State attorneys general aren’t the only ones engaging in climate justice thuggery.

The board for Portland Public Schools unanimously approved a resolution to eliminate materials that question on the existence of climate change and mankind’s impact on the global environment.

“A lot of the text materials are kind of thick with the language of doubt, and obviously the science says otherwise,” Bill Bigelow, a former Portland Public Schools teacher who was involved in working to present the resolution, told the Portland Tribune. “We don’t want kids in Portland learning material courtesy of the fossil fuel industry.”

“It is unacceptable that we have textbooks in our schools that spread doubt about the human causes and urgency of the crisis,” Gaby Lemieux, a high school student in the district, reportedly said in board testimony. “Climate education is not a niche or a specialization, it is the minimum requirement for my generation to be successful in our changing world.”

Interestingly, Bigelow, a former Portland teacher and current curriculum editor of Rethinking Schools (a magazine devoted to education issues) is the author of a book on climate change.

LI #44 People's Curriculum for the Earth

A People’s Curriculum for the Earth is a collection of articles, role plays, simulations, stores, poems, and graphics to help breathe life into teaching about the environmental crisis. The book features some of the best articles from Rethinking Schools magazine alongside classroom friendly readings on climate change, energy, water, food, and pollution–as well as on people who are working to make things better. At a time when it’s becoming increasingly obvious that life on Earth is at risk, here is a resource that helps students see what’s wrong and imagine solutions.

He insists that there are no plans to include this tome in the curriculum going forward:

“What we’re asking for is not: Buy new stuff,” he said. “What we’re looking for is a whole different model of curriculum development and distribution.”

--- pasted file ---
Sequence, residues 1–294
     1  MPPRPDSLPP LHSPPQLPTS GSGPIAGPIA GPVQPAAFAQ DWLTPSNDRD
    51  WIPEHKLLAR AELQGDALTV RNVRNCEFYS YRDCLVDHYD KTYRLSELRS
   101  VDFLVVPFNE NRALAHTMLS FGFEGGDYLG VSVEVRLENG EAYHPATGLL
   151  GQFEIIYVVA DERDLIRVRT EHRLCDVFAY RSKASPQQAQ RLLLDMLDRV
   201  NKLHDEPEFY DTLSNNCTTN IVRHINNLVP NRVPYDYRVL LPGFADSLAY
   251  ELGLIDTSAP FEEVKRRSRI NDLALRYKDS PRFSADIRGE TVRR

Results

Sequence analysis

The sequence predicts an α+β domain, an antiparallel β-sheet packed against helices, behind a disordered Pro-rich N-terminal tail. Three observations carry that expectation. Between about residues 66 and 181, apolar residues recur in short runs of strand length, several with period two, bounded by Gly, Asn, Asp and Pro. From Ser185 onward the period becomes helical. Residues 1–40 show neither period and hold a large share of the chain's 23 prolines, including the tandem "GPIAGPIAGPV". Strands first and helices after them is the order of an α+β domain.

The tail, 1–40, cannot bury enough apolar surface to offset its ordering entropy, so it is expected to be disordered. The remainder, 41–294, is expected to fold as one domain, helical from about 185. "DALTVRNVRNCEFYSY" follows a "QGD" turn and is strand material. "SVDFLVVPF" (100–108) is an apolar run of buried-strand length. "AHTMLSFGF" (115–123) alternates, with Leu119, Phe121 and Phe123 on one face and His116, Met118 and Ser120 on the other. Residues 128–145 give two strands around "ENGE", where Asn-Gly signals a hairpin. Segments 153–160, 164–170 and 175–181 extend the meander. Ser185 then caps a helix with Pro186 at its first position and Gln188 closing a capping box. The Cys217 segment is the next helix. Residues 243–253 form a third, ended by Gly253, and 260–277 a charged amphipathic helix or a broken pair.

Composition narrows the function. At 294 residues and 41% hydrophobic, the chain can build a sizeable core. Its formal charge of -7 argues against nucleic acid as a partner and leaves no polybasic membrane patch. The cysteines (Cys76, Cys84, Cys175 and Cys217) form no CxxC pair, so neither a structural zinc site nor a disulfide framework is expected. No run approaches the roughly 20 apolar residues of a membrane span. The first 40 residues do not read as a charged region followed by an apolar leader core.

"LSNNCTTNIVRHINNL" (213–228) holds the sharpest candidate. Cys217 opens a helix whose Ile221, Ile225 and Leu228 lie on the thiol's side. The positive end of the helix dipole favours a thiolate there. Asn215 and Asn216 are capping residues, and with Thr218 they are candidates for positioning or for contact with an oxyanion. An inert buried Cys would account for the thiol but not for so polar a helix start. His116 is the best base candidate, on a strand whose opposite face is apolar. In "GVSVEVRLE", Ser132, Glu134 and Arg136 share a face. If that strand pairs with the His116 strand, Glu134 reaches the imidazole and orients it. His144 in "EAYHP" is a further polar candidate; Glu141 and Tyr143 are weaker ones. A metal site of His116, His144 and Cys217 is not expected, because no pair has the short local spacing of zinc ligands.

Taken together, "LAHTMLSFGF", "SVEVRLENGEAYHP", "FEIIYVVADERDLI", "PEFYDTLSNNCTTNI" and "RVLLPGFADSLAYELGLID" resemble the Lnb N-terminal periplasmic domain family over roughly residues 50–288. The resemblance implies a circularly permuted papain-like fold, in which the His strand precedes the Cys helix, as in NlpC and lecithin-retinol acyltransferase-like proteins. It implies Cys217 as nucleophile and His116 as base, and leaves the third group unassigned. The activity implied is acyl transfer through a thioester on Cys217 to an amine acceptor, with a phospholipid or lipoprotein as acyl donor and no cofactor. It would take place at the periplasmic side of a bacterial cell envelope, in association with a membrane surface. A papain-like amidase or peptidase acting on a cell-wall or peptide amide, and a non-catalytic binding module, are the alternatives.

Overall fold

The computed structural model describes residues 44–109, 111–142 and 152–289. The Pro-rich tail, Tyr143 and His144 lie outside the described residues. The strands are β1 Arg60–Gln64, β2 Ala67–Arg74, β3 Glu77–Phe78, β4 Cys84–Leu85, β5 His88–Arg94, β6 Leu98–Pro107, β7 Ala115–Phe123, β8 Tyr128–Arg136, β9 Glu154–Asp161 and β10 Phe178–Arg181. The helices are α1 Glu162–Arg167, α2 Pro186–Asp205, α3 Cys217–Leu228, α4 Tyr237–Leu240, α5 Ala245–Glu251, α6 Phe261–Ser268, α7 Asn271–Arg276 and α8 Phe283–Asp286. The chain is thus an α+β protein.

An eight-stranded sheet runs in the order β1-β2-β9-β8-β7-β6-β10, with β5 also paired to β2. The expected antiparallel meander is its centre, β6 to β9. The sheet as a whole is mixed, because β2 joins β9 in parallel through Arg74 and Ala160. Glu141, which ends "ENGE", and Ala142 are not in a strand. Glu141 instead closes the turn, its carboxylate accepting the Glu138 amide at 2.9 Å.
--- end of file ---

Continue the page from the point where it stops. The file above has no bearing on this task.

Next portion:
Bigelow and the other proponents of this action insist that our kids are endanger of being subjected to propaganda from the fossil fuel industry. Quite frankly, as the mother of a teen who has experienced the public education system, the curriculum has always been “global warming”, “renewable energy”, and “recycling.” The only “climate questioning” I am aware of is related to my voluntary attempts to provide a different perspective (e.g., Maunder Minimum sun cycles).

I sure wish Exxon or the Koch Brothers would pony up a few dollars for my “climate questioning.”

Bigelow has long been a progressive gadfly, trying to force others into living by progressive precepts. His idea of sensible science is tying July 4th fireworks to heart attacks.

In Portland, Oregon, where I live, the 4th of July holiday offers an excuse for a wonderful annual blues festival in Waterfront Park downtown. Unfortunately, in my neighborhood, it also provides cover for people to blow off fireworks that terrify young children and animals, and that turn the air thick with smoke and errant projectiles. Last year, the fire department here reported 35 fires sparked by toy missiles, defective firecrackers, and other items of explosive revelry. The Washington State Department of Ecology warns that “Breathing fine particles in fireworks smoke can cause or contribute to serious short- or long-term health problems. They include: Risk of heart attack and stroke. Lung inflammation. Reduced lung function. Asthma-like symptoms. Asthma attacks.”

I hope Portland’s parents force the board to reverse their decision. The “climate-change” consensus is entirely bogus, and this forced change in curriculum is ultimately unfair to the students because it fails to educate them.

If Portland’s school board is allowed to suppress alternative theories, then the only subject our children will be allowed to question is their gender.

(Featured image via Youtube video).